Waking up this morning, I learned the sad news that an eight-year-old boy from the neighborhood where I grew up was one of the three who died yesterday. His father was running the marathon and he was at the finish line with his mother and siblings. One of the pictures of young Martin Richard struck me. It was taken after his First Communion. The background was all too familiar to me: the steps of St. Ann’s Church in Neponset, my home parish, where I received my First Communion and Confirmation, where I served as an altar boy, a lector, and, in high school, as Director of Music and Organist. If it wasn’t enough for this tragedy to happen in Boston, it strikes even closer to home knowing that one of the victims was an innocent, happy young boy “from the neighborhood”, a characteristic of so many of us who grew up there. While it may be described as “tough”, Dorchester is anything but that right now. The neighborhood is deeply grieving a young man whose future was horribly ended yesterday. In times of tragedy, neighbors open their homes to each other, because we’re all family.
As I write, we still don’t know who did this or why he/she/they did it. It is never easy to comprehend why people commit such graves acts of evil. It is even harder to grasp when we have neither the who nor the why.
However, Bostonians, indeed all Americans, will not succumb to this act of terrorism. We will grow stronger because of it. In a telegram to Boston’s archbishop, Seán Cardinal O’Malley, Pope Francis “prays that all Bostonians will be united in a resolve not to be overcome by evil, but to combat evil with good.” Bostonians will do just that.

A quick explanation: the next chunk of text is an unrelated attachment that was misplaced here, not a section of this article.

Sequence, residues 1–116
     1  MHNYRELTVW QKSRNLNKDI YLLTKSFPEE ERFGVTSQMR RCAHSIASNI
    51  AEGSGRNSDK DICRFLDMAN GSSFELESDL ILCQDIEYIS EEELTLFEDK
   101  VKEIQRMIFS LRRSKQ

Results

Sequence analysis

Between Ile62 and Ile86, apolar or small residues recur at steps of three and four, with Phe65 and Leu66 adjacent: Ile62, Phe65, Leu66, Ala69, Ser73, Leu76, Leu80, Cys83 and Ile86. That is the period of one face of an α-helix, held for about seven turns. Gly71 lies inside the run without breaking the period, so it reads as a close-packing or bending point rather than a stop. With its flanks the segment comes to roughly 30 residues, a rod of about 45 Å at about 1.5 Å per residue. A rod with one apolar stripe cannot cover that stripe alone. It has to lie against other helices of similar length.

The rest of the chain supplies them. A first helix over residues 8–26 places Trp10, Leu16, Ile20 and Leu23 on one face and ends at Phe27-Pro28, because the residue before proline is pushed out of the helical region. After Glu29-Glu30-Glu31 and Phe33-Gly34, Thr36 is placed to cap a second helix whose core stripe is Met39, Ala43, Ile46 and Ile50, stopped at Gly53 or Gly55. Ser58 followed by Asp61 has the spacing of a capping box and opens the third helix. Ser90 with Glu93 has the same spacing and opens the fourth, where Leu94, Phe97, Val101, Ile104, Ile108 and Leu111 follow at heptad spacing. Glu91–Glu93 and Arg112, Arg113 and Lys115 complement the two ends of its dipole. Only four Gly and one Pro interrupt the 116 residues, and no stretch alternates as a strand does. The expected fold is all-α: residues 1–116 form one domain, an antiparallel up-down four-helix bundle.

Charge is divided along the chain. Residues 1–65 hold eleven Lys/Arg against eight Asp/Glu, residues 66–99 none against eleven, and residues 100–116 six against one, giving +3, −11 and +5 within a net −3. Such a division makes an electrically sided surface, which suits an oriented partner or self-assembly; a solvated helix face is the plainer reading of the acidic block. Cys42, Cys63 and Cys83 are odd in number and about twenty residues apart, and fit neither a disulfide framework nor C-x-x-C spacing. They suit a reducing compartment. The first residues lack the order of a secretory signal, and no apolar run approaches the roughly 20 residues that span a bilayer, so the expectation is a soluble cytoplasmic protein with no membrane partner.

The City of Boston is a sad place today. Amidst the sadness, however, there is both charity and love. Where charity and love abide, God is ever there.
Ubi caritas et amor, Maurice Duruflé (1902–1986)
Where charity and love abide, God is ever there.
Christ’s love has gathered us into one.
Let us rejoice and be pleased in Him.
Let us fear, and let us love the living God.
And may we love each other with a sincere heart.
Most of my friends are well aware that I grew up in Boston. In addition to reading the New York Times every morning, I also check out the headlines and the obituaries of the Boston Globe.
Over the past few months, I have taken an interest in reading about Boston’s mayor, Tom Menino. Mayor Menino has been in office since 1993, when his predecessor, Ray Flynn, was nominated by President Clinton to serve as the Ambassador of the United States to the Holy See.
Mayor Menino recently announced that he will not seek re-election this November. This comes after the mayor spent several months convalescing from some serious health scares. This morning, the mayor underwent a successful surgery to repair a bone in his leg, which he fractured after falling yesterday.
Mayor Menino has done a lot of amazing things to maintain Boston’s place among America’s great cities. (The Red Sox even won the World Series twice during his term in office!) Let’s keep him in our prayers and hope that he will overcome his current health issues, enabling him to end his twenty-year run with great success.
I am not an outwardly emotional person. However, watching the Holy Father stop the popemobile and embrace this exceptional child (as Cardinal Cushing of Boston called them) brought me to tears.
My uncle Joe was born with cerebral palsy, so this gesture has some very special meaning to me. Despite all of the challenges he has in his life, Joe never fails to express his love to his family and friends.
Thank you, Pope Francis, for reciprocating the love to this dear boy.